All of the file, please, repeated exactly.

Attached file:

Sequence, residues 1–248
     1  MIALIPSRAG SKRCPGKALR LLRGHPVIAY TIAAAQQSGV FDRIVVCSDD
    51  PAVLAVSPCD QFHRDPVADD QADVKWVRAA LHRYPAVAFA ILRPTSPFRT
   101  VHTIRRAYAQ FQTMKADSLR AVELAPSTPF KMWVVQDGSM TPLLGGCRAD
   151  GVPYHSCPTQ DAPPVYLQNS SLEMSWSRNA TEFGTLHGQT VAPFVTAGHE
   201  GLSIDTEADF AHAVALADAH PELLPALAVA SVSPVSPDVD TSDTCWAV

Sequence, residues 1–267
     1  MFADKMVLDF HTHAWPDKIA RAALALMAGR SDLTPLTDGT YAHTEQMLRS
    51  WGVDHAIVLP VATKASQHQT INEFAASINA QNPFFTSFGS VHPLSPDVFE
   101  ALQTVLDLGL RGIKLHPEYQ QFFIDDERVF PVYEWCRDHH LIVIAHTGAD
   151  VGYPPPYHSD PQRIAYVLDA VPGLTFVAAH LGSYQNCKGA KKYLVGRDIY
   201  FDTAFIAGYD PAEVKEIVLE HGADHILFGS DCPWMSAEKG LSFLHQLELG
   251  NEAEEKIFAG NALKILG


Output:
Sequence, residues 1–248
     1  MIALIPSRAG SKRCPGKALR LLRGHPVIAY TIAAAQQSGV FDRIVVCSDD
    51  PAVLAVSPCD QFHRDPVADD QADVKWVRAA LHRYPAVAFA ILRPTSPFRT
   101  VHTIRRAYAQ FQTMKADSLR AVELAPSTPF KMWVVQDGSM TPLLGGCRAD
   151  GVPYHSCPTQ DAPPVYLQNS SLEMSWSRNA TEFGTLHGQT VAPFVTAGHE
   201  GLSIDTEADF AHAVALADAH PELLPALAVA SVSPVSPDVD TSDTCWAV

Sequence, residues 1–267
     1  MFADKMVLDF HTHAWPDKIA RAALALMAGR SDLTPLTDGT YAHTEQMLRS
    51  WGVDHAIVLP VATKASQHQT INEFAASINA QNPFFTSFGS VHPLSPDVFE
   101  ALQTVLDLGL RGIKLHPEYQ QFFIDDERVF PVYEWCRDHH LIVIAHTGAD
   151  VGYPPPYHSD PQRIAYVLDA VPGLTFVAAH LGSYQNCKGA KKYLVGRDIY
   201  FDTAFIAGYD PAEVKEIVLE HGADHILFGS DCPWMSAEKG LSFLHQLELG
   251  NEAEEKIFAG NALKILG